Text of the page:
Sukiyaki

sukiyakiOr basically the Japanese version of braised beef sirloin.

I should know by now that when it comes to Asian recipes never to follow the directions 100%. But no, since this was the first time I made sukiyaki, I followed the recipe to a “T” and it ended up being way too salty. Good, but way too salty.

The Recipe:

  • 1 cup low sodium soy sauce (I used regular, maybe that’s where I went wrong)
  • 1/2 cup mirin
  • 1/2 cup sake
  • 1/4 cup water
  • 2 tbsp sugar
  • 1 medium yellow onion, sliced thin
  • shitake mushrooms (I omitted this since my cousin isn’t a mushroom fan)
  • 1/2 head of napa cabbage (this stuff is sooooo yummy to eat raw)
  • 1 pkg cellophane noodles (I used 1/3 a package of maifun rice stick, softened in hot water for 10 minutes and then finely chopped)
  • 1 lb beef sirloin steak sliced as thin as you can get it
  • 2 spring onions for garnish

Mirin is a sweet rice wine and Sake is a type of Japanese alcohol (which tastes like watered down beer to me). I’ve only had sake once before and that was a much sweeter version than the one I bought for this.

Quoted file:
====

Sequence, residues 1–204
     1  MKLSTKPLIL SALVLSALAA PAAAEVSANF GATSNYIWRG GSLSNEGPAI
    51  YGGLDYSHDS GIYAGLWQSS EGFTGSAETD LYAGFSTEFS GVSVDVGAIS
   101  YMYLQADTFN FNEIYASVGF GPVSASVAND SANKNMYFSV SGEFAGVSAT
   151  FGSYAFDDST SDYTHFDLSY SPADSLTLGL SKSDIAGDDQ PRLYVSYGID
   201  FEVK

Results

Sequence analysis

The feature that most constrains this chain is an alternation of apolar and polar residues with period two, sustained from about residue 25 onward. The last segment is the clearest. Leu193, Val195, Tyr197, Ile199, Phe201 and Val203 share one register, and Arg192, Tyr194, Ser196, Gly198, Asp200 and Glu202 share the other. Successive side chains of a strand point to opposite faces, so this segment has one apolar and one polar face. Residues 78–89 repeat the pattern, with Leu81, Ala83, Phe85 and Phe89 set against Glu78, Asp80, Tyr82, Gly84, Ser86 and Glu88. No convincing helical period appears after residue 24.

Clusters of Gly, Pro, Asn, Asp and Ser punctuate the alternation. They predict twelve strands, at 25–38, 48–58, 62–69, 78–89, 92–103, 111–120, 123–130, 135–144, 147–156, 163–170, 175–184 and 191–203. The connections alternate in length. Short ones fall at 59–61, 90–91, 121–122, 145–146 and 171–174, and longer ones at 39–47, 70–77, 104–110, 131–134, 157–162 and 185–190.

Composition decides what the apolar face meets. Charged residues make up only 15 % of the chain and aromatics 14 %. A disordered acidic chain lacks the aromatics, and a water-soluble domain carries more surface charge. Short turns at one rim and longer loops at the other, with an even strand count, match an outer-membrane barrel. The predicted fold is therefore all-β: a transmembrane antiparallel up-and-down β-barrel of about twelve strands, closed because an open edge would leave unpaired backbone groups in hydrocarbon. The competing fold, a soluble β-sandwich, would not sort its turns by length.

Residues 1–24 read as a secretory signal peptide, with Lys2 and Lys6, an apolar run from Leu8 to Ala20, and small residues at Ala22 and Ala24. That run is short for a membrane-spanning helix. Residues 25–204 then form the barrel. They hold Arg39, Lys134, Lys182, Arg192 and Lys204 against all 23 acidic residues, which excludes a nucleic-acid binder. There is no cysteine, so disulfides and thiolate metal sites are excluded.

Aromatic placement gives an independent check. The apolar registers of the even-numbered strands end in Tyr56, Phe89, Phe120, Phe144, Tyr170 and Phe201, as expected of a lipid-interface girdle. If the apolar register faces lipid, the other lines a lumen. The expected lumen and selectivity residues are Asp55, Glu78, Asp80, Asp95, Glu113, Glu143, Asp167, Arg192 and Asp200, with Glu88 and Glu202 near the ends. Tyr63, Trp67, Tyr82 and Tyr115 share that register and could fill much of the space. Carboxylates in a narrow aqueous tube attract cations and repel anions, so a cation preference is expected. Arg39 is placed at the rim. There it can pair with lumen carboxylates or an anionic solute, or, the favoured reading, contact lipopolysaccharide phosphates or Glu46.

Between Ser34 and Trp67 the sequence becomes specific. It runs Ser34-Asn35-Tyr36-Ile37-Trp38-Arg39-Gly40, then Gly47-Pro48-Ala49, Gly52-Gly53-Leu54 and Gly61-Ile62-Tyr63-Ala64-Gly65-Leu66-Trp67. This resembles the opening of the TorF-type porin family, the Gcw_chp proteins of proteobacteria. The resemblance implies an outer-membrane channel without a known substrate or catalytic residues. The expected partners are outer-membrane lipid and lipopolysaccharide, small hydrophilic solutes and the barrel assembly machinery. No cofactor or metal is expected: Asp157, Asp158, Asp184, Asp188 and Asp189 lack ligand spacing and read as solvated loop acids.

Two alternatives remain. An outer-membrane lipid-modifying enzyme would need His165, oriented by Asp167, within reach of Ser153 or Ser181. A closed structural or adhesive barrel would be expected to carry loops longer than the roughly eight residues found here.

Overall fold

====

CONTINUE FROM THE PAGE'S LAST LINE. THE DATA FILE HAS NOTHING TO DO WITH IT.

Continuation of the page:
1. You mix the soy sauce, mirin, sake, sugar, and water in a bowl and set aside.
  2. Next you heat corn or peanut oil (since I have neither in my house I just used vegetable oil) in a wok. Add your onion. Cook until tender. Then add in your shredded cabbage and chopped shitake mushrooms. You cook this until the cabbage just starts to wilt.
  3. Next add the sauce you made in step 1. On medium heat, bring to a slow simmer and then add your sirloin and noodles. Simmer for about 3 minutes until meet is cooked. It doesn’t take long if you have sliced the meat thinly enough.
  4. Garnish with your chopped spring onions.

sukiyakiI was surprised by the sweetness. I tried the sauce and went blech before I put it in the pan, but it really improved as the alcohol cooked off (this is also my first experience cooking with alcohol). However, the saltiness. It sent chills down my spine. Next time I am definitely cutting down on the amount of soy sauce and adding a bit more water. I also might have reduced it too much (even though there was a lot of liquid left over). I was also surprised by how the onions and noodles really took on the color of the soy sauce as much as they did.

Like the Filipino pork adobo, it will take awhile to find just the right amount to get the right taste.

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